Feature Blog by Program Director, Anna Ojascastro Guzon
A game of name that horror movie soundtrack, a reading of “The Buffy Sestina,” by Jason Schneiderman, and “The Guest Ellen at the Supper for Street People” by David Ferry, a rainy autumn afternoon, and some pattern detecting put us in the mood for composing some sinister sestinas. Sonnets and haiku are frequently taught in high schools but why not sestinas? According to The Poetry Foundation, a sestina is:
A complex French verse form, usually unrhymed, consisting of six stanzas of six lines each and a three-line envoy. The end words of the first stanza are repeated in a different order as end words in each of the subsequent five stanzas; the closing envoy contains all six words, two per line, placed in the middle and at the end of the three lines. The patterns of word repetition are as follows, with each number representing the final word of a line, and each row of numbers representing a stanza:
1 2 3 4 5 6
6 1 5 2 4 3
3 6 4 1 2 5
5 3 2 6 1 4
4 5 1 3 6 2
2 4 6 5 3 1
(6 2) (1 4) (5 3)
I’m not sure if I could repeat this definition, word-for-word, and if I did, the students would likely rebel or fall asleep. So I read them, “The Buffy Sestina,” and asked the students to detect the word pattern on their own. Fortunately, two students were feeling competitive so they raced to figure out the puzzle first. Each threw out several guesses until I numbered the last word of each line in the first stanza. Before I could finish numbering the lines of the second stanza, one student caught on to the pattern.
The student who detected the pattern first, has an A in his chemistry class, and looks through catalogs of computer parts for fun. He was able to predict the word pattern, had we continued past six stanzas, and one could see his face light up when he was presented with a puzzle to solve. And this young man, a junior at a North County high school, has Marygrove as his only home. I was impressed with his logic skills and, without my saying a word, the other students explained to me that “he’s really good with computers.”
A couple weeks ago, I was teaching biology to two fifth graders, at a North City grade school. It was six weeks into their school year and they were assigned the chapter review questions of Chapter 1 of their textbook. They didn’t know any of the answers so I asked, “Didn’t you go over this in class?” They said that they don’t learn science in school because it’s the last subject of the day, and they always run out of time. So I taught them the chapter and as I explained the different biological kingdoms…bacteria, protists, fungi etc….one of the students presented several questions.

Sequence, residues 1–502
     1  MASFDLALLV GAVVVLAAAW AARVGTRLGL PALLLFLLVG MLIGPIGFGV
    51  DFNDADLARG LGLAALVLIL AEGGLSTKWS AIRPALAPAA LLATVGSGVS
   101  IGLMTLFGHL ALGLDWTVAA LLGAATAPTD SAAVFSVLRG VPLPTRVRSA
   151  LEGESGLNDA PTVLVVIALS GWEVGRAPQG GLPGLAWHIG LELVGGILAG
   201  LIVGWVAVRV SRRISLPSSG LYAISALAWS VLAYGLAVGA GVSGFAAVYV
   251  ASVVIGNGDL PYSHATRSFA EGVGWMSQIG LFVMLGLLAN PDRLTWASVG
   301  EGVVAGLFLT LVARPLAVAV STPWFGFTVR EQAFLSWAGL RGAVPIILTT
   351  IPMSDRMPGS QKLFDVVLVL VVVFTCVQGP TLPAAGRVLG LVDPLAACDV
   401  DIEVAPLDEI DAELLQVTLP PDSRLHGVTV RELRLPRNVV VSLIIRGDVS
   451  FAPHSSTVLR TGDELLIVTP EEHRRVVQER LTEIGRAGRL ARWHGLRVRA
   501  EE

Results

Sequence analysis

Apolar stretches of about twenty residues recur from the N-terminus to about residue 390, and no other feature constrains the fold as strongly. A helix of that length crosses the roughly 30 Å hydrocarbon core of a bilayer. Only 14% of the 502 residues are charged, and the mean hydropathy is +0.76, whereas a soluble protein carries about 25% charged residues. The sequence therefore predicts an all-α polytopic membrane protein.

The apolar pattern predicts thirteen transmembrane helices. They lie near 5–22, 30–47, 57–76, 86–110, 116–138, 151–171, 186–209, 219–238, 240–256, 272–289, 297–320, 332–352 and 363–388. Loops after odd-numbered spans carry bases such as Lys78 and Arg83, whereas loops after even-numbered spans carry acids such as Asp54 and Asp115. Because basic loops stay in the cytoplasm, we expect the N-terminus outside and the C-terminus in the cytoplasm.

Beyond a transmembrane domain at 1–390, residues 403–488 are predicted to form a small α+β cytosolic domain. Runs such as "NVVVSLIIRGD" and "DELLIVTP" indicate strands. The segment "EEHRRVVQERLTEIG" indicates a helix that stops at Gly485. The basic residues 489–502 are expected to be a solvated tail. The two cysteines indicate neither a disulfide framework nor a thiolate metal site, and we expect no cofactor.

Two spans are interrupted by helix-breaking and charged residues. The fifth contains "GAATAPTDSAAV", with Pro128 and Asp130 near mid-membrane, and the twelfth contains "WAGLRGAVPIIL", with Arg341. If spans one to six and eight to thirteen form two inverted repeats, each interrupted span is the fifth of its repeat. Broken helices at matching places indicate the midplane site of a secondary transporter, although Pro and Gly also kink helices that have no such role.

“You mean bacteria are inside us?”
“Can they kill us?”
“You’re saying that I’m touching bacteria right now?”
“What’s the difference between bacteria and viruses?”
“So viruses aren’t alive?”
“You’re saying that plants have babies?”
I had been tutoring this student for over a year and I had never seen him so interested in his schoolwork. His eyes were wide, his eyebrows were raised, and one could imagine tiny sparks, flashing throughout his brain.
“Man, I’m happy to be learnin’ science,” he said with a slight head shake. Implied in that statement was, “I know school is supposed to suck, but I don’t care who makes fun of me… I think this stuff is cool.”
My point is that students with the most difficult circumstances can still develop an eagerness to learn. The parents of many of the students that we tutor have gone to prison, abandoned their family, been overcome by addictions or psychiatric illness, or been killed. Yet, the ability to learn, and become contributors or leaders in society still exists for their children. One key to helping these kids is one-on-one tutoring, engaging them in a setting that doesn’t involve 25 to 30 other students.
While my stories are personal experiences, just in the past five to ten years, several longitudinal studies, conducted in New York City, Chicago, and Los Angeles among other cities, involving thousands or tens of thousands of participants, have concluded that after-school tutoring increases standardized test scores, improves attendance, and decreases the drop-out rate (Evaluations Backgrounder: A Summary of Formal Evaluations of After school programs’ Impact on Academics, Behavior, Safety and Family Life). And graduating from high school directly correlates with improved health and longer life-expectancy. Kids staying in school means communities becoming safer and saving billions of dollars. For more details (and more STEM) check out For the Sake of All, a multidisciplinary project, from Washington University in St. Louis.